On a crisp Friday morning, I wind my way up a solid dirt path with my faithful Saint Bernard, Bailey, alongside. We’re in route to Herman Gulch, a stunning and popular lake destination for hikers in Colorado. Tall evergreens line the well-traveled path and a crystal-clear river provides a pleasant soundtrack to our ascent. After hiking 3.5 miles uphill, we reach the ridge. My hiking boots punch through remnants of snow patches and Bailey happily throws gulps of snow into her mouth, chomping at the tiny pieces of ice as they spill out of her jowls. We crest the ridge and gaze upon the sparkling lake below, cradled in a natural bowl surrounded by jagged mountain peaks. We stop to take it all in. Read more
Pheasant Hunting Conditions
In comparison to last year, Colorado’s forecast for the 2018 pheasant hunting season is going to be right around the average mark. Conditions for nesting and brood-rearing weren’t optimal this year, but the conditions weren’t bad either. Last winter was dry, which means that there wasn’t a lot of soil moisture early this year. So green wheat and early brood-rearing habitat didn’t get an early start. Wet weather did arrive in May, which was good, and then June dried out, with warmer than normal temperatures for several days. In late July and early August, a series of pretty significant hailstorms came through the core pheasant region. And those storms definitely had an impact on habitat, as well as birds with some being killed by hailstones. Read more
Growing up among so much beauty I would find myself asking, “Who put the fish in the lakes?” Once again faced with a “Chicken and the Egg” dilemma, I put it down to Mother Nature and natural progression.
In this case of the “Fish and the Egg,” I would find my answer 15 years later with Colorado Parks and Wildlife (CPW) Aquatic Biologists. These awesome biologists do everything from managing habitat to monitoring water conditions, figuring out fish populations, and protecting our native fish from invasive species and pollution as “all in a day’s work.” Come rain, sunshine, snow or high winds, our biologists are out there helping our wildlife survive and flourish. Read more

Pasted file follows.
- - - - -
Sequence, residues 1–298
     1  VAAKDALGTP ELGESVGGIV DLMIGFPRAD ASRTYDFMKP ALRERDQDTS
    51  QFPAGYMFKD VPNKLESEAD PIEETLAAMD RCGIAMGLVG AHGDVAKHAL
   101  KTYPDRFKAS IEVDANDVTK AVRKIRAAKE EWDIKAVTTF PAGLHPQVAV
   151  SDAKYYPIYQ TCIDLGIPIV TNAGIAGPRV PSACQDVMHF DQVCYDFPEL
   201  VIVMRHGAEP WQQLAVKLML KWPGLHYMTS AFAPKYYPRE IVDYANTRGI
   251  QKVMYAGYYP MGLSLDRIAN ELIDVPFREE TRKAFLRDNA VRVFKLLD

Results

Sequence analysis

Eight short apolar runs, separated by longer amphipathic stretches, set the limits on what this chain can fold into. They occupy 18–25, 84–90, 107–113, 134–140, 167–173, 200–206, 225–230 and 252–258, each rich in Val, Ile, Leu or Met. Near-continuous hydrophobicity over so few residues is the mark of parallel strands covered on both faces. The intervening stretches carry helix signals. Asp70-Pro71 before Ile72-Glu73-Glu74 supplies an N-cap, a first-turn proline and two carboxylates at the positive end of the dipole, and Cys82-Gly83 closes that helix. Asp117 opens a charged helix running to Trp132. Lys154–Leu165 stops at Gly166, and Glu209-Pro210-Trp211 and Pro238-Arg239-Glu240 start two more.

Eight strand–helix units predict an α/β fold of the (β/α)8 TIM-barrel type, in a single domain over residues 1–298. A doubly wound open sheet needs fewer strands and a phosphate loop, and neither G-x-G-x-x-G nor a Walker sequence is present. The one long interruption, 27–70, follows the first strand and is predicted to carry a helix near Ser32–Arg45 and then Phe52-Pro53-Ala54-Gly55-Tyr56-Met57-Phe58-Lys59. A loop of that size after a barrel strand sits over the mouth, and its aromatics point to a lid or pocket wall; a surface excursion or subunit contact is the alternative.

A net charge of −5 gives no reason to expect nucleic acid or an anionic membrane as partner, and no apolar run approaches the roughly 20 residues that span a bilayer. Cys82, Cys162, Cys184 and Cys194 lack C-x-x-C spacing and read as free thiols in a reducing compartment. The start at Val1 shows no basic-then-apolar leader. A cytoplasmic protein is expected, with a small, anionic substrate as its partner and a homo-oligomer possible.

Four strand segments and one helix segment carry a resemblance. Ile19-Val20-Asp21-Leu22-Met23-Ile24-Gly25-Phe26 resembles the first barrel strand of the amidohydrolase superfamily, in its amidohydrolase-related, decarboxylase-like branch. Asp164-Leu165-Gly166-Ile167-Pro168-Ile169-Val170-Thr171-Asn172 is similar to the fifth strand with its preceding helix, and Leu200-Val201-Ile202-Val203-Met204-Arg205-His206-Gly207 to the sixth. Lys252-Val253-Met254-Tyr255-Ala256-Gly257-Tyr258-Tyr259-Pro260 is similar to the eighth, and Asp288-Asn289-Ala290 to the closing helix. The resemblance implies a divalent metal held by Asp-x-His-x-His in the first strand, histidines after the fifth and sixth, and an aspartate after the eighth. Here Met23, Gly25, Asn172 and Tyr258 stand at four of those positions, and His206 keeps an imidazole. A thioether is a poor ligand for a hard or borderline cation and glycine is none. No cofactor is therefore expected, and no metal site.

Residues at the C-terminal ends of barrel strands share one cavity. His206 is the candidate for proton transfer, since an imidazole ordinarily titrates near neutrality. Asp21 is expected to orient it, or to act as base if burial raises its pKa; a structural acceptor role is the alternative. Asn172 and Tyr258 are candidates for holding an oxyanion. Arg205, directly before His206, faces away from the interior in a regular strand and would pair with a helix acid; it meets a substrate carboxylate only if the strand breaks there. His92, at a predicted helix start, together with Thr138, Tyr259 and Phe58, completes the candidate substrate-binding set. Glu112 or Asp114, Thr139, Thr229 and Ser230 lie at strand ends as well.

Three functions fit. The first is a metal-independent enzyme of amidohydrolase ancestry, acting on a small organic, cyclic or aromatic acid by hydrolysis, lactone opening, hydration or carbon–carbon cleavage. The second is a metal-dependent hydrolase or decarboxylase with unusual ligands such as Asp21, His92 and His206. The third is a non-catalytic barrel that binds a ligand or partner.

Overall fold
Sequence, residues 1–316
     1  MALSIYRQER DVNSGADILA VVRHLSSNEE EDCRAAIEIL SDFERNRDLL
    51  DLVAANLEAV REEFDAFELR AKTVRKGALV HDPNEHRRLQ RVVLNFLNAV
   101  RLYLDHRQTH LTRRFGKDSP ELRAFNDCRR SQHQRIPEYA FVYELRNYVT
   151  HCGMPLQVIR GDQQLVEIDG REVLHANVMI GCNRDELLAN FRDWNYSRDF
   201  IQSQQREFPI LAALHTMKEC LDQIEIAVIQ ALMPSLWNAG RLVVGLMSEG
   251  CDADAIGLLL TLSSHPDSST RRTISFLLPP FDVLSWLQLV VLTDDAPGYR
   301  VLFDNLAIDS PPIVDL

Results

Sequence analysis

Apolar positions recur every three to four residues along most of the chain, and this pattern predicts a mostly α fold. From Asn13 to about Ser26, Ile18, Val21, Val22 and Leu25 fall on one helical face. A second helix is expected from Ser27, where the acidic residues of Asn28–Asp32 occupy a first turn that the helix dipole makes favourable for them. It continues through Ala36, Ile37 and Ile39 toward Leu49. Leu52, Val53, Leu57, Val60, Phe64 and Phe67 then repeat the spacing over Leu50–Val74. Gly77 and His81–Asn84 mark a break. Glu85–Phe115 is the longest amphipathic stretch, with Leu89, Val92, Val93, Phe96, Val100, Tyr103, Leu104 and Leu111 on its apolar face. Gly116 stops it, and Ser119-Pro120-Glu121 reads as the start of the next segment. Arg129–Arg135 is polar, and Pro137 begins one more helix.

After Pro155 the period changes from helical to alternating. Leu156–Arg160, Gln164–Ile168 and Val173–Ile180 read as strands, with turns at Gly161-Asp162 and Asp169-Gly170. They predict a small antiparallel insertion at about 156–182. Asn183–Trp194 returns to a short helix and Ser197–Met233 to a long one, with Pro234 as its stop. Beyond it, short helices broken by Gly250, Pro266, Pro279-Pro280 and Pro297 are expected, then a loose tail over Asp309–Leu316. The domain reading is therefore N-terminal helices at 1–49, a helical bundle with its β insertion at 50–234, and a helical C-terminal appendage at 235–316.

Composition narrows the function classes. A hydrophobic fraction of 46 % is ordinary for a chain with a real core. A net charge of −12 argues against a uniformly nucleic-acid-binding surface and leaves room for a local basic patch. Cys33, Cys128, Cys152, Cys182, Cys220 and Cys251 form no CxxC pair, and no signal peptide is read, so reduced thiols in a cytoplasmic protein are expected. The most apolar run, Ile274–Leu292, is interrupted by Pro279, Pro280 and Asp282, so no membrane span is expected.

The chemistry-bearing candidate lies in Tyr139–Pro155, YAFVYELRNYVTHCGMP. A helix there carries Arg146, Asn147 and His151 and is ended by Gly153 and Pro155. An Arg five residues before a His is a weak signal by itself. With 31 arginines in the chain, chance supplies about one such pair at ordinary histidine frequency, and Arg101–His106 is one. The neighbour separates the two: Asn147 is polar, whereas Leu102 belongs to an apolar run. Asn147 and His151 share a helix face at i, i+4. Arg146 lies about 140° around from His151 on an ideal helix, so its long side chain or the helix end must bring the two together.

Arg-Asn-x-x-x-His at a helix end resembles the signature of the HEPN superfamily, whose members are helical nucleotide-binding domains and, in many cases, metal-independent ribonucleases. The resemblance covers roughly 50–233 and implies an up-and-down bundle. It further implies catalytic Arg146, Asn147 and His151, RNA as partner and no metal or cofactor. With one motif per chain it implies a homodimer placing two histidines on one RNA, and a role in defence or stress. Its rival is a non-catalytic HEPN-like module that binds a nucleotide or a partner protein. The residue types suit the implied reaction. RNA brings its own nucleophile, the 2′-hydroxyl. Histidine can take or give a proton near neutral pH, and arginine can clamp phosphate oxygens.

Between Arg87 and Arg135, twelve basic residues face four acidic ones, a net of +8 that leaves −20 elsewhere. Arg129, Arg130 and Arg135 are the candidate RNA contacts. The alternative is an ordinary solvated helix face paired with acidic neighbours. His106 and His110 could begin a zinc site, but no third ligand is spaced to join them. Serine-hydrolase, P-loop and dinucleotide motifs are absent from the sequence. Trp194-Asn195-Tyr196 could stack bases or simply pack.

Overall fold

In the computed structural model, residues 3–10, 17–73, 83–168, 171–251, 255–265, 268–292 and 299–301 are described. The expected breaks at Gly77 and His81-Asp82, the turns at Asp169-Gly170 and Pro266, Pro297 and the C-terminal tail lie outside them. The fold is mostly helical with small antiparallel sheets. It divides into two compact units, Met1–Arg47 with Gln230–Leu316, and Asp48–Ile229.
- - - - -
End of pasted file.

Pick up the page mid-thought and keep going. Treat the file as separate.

FOR THE HIKING BOOT-CLAD FLY FISHERMAN
Every outdoorsman has their specialty. Whatever the pursuit, there is somebody passionate enough to fill that niche. For me, that niche is backcountry fly fishing. I’m fortunate that I live in Colorado, where miles and miles of backcountry wilderness sit at my backdoor. For years I’ve explored rivers and lakes without names and no permanent address on topographic maps. Some are seasonal ponds or creeks only to be found during runoff, and I suppose others are ones the cartographer just never got around to naming, so they sit patiently waiting for the weary fly fisherman to come along and unlock their secrets. These waters can be either quite rewarding, painfully stubborn or barren of any life form. However, most tend to be quite willing to relinquish a few fish. At altitude, these fish have a short growing season, which means they are quite occupied with filling their gut with as many invertebrate vittles as possible. This is excellent news for the angler, but certain strategies can enhance success and even the quality of fish one might land. Although most backcountry fish have rarely — if ever — seen a fly, they can still be extremely spooky at the slightest disturbance. The following are guidelines I follow trip after trip that have treated me well over the years. Read more